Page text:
Christmas Day was a big family event – our last at Bishopswood with comfortable space for all 12; good fun all round.

New Year’s Eve is another chance to celebrate with family – grand daughter No. 3’s birthday – then back home to see the new year in before we set to in earnest with the house move.

January and February were a haze of giving, eBaying, Freecycling, auctioning and charity donating all the many things that would not fit into our new home. It was a mixture of reminiscing, delight and some sadness. No photos fit for this!

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But one beautiful occurrence on January 21st was the appearance of a ruby moon – so amazing that my camera did a double take!

On March 5th we moved out of our lovely rambling wooden bungalow and its huge field of a garden. We said goodbye to the robin, the greenhouse, the many many trees, and had one last bonfire

We were then expecting to be homeless for a couple of weeks. In amongst a short holiday and visiting family we were able once more to make the trip to Sillery and start the de-winterising of Calliope.  We had a lovely few misty morning spring days on board, clearing to blue skies, and we were longing to be off cruising, but still had the house move to complete.

IMG_4887So back to England, and with a push and a shove we managed to fit ourselves and our belongings into The Mixing House – a home looking out onto a creek off Portsmouth Harbour.  We just love to see water – canals, rivers, sea, lakes.

Our new house has both a historical and maritime heritage.  It is built within the blast walls of the old Shell Filling Houses where the shells for the navy’s were filled with explosive and run along rails to be loaded onto the ships.

And the creek (or Forton Lake as it is properly known) has the remains of many old hulks and other marine artefacts, just marvellous to explore for any boat lover.

Our view includes Portsmouth’s spinnaker tower and the new super carrier HMS Queen Elizabeth II, when she is in harbour.

We had a fabulous 5 weeks settling in, providing Stewart with plenty more opportunities to use his practical skills; no photos of this shy retiring working man.

IMG_1898During all this time we needed another canal fix so went up to the Grand Union Canal to visit family living aboard a narrow boat – so lovely!

There was also the exciting event at Wembley to watch my football team, Pompey, win the Checkatrade Cup on penalties.  I know, it’s not that fantsactic an achievement but when you support Pompey you take every trophy that you can.

05f4b04f-3294-4798-9100-30c864c7f47bEaster was fun with all the family coming to squeeze into the new abode – yes they do fit!

Then back to Sillery once more, via another night at Folkestone. We have come to rather love that town.

When we arrived in Sillery the weather was not promising and I had to dig out the wet weather baguette bag for the boulangerie run, but by tea time I was sitting in sunshine.

48504800_UnknownWe found we had a new neighbour, Jacana, a lovely old Tjalk, but no crew aboard.

 – this time to bring and fit our new PV solar panels, and for Stewart to become an engineer. He completed a full service on the barge – gold star.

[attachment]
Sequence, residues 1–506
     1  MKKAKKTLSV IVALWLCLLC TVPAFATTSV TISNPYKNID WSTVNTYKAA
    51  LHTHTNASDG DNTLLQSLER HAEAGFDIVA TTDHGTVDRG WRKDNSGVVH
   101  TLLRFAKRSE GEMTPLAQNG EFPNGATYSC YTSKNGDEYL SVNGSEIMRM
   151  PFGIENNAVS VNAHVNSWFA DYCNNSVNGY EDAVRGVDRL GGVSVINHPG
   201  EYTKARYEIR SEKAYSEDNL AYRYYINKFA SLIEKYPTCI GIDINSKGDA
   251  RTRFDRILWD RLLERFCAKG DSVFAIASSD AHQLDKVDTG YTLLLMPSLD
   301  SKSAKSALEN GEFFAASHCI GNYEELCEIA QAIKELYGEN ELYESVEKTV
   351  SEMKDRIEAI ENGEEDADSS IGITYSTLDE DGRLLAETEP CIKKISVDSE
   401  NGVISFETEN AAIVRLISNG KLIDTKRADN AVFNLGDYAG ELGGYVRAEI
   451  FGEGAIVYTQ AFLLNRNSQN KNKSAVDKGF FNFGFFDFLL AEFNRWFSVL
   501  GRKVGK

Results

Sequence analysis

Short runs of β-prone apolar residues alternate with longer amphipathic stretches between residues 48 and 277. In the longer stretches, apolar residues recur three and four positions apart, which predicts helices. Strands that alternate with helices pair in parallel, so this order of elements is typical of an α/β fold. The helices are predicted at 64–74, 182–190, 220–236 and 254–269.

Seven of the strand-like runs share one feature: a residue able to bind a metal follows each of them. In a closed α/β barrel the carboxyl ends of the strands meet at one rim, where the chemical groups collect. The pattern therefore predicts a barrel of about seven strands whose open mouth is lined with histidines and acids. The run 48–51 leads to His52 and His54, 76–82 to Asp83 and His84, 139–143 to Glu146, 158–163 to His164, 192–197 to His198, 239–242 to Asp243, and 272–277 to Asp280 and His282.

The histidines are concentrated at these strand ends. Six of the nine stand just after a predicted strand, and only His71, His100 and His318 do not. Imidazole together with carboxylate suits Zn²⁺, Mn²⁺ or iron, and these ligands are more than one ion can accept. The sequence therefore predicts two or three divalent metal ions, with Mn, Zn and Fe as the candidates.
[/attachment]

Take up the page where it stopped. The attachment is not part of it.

IMG_2374Between us we also got some painting done – I am only let loose on the wooden struts to support the PV panels, but managed to do this without getting wood stain where it shouldn’t be.

We managed to fit in a bit of a canal walk and had a day out driving through the champagne vineyards, and also buying champagne, Ratafia and beer to take home after our 9 day stay.

I also got into photographic mode about Sillery bridges – scroll on down if this is several bridges too far!

48505088_UnknownAnd, as always, we met lovely new people on other boats – then say good-bye as they cruise away.

IMG_2173My particular joy on this trip was managing to bring back the geraniums that were on Calliope last year, wintered in our greenhouse (see photo somewhere above), then sat outside the new house until we loaded them into the car and reinstated them aboard.

IMG_2541One last trip to England before cruising begins, with three aims in mind; first to celebrate son’s 50th birthday (he has some interesting obsessions!), second to see youngest grand daughter over half term, and third to oversee the final bits of snagging on the new house.  The first two were easily and enjoyably accomplished. The third – well that is an ongoing, different, story.

IMG_5161So on June 2nd we finally finally left the UK for Sillery, leaving our lone poppy behind.

Stewart finished fixing the new solar panels and they work!

Let cruising begin!

 

 

 

 

 

 

 

Champagne country – La Marne

 

4 days mid-May 2016

 

The T junction at Condé-sur-Marbe looked tempting both ways – so we turned right for a couple of days, then came back and went down the left arm.

Turning right had Calliope faced towards Epernay – but we did not get that far.

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We were on the Canal lateral de la Marne, and wended our way, next to the river, through calm countryside and vineyards.

 

 

 

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The swing bridge at Bisseuil

 

 

After just two locks and a ‘pont-mobile’ we came upon Mareuil-sur-Ay, a village steeped in champagne history, boasting 14 champagne houses, and a small port.

 

 

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the port at Mareuil-sur-Ay